Market Overview

The Section 1256 Club Is Hard To Get Into: Futures On Foreign Exchanges Often Don't Qualify

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By Robert A. Green, CPA

Section 1256 offers up to 12% lower capital gains tax rates on short-term trading with its attractive 60/40 tax rates. It includes regulated futures contracts (RFCs), broad-based stock indices, options on those indexes, options on futures, nonequity options, certain off-exchange foreign currency contracts and a few other items. But it can be a hard club to get into. Among Section 1256 contracts, regulated futures contracts, nonequity options and securities futures contracts must be traded on or subject to the rules of a “qualified board or exchange” (QBE). U.S. exchanges make the list pretty easily, but foreign exchanges don't. Let's look at the QBE requirement in more detail.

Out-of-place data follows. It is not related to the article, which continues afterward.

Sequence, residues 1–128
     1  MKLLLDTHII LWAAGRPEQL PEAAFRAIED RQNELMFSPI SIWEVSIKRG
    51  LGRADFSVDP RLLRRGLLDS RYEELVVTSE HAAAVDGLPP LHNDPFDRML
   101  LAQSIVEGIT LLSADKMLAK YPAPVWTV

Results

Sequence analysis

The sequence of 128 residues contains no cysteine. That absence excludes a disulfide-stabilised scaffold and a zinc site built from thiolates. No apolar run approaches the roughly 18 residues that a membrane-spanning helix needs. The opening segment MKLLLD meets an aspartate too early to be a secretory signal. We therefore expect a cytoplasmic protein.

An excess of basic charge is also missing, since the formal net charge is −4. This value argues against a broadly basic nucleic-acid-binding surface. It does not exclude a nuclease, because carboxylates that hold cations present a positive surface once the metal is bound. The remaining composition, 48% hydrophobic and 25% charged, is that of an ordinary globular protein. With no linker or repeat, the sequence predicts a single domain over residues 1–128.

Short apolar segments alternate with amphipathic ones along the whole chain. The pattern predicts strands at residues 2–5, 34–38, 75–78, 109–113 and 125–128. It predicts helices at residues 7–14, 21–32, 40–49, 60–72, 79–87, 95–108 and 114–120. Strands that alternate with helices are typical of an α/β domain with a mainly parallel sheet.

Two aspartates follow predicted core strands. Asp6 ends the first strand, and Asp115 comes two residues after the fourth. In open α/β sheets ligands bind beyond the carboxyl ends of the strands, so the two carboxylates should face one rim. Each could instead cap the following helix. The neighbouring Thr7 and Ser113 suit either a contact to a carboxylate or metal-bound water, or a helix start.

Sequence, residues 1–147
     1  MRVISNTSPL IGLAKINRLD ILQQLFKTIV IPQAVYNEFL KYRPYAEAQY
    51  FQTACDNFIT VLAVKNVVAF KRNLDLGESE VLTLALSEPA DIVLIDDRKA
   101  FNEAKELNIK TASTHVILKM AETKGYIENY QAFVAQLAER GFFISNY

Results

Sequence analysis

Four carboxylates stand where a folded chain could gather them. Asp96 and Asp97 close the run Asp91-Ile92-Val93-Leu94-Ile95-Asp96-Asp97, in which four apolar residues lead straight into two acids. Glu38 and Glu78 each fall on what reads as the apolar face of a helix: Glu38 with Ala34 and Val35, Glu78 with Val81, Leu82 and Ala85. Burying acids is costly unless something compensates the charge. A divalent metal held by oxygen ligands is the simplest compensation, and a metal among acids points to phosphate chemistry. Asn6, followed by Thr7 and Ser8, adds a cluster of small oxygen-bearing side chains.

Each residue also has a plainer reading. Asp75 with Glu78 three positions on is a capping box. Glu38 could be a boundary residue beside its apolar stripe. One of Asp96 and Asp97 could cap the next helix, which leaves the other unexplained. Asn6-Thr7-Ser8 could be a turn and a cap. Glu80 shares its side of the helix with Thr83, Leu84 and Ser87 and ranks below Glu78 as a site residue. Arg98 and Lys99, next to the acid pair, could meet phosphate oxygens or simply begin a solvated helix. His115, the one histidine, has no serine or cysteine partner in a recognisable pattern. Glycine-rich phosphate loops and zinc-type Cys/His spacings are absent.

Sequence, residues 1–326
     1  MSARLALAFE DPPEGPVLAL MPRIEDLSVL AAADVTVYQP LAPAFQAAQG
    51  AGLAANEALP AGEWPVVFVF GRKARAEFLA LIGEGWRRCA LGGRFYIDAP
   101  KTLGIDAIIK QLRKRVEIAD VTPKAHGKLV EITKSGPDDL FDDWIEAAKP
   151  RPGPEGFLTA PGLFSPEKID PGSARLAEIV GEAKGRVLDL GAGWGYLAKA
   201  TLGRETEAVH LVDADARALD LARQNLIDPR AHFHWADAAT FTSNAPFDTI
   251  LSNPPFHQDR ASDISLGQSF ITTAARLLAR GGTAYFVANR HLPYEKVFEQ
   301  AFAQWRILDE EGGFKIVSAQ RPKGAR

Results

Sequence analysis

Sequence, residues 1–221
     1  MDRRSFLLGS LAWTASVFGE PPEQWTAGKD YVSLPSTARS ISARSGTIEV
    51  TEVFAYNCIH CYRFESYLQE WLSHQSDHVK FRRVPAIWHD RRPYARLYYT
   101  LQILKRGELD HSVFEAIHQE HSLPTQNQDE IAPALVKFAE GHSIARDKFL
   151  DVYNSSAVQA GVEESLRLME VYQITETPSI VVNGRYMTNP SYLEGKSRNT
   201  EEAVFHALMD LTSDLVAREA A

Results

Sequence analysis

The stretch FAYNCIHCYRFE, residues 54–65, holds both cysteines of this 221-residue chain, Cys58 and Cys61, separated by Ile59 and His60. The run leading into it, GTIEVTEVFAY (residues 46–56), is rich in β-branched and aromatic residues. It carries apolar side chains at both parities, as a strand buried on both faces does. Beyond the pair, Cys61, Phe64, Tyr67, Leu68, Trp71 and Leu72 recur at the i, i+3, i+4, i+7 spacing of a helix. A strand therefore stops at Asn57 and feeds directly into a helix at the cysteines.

QBE
Section 1256 includes a list of those exchanges that are considered QBEs. Imagine Section 1256 being a popular club with a bouncer at the door holding a VIP guest list. If the exchange or board of trade you trade on is not on the QBE list, then the contracts you trade are excluded from Section 1256 tax treatment — even if they are regulated futures contracts.

QBEs include national securities exchanges registered with the SEC (category 1), domestic boards of trade designated as a “contract market” by the CFTC (category 2) or any other exchange or board of trade or other market (worldwide) that the CFTC and Treasury determines has rules adequate to carry out the purposes of Section 1256 (category 3).

According to Section 1256, contracts on category 1 and 2 exchanges are deemed RFCs if the contract “(A) with respect to which the amount required to be deposited and the amount which may be withdrawn depends on a system of marking to market, and (B) is traded on or subject to the rules of a qualified board or exchange.” (This doesn't include securities futures contracts.)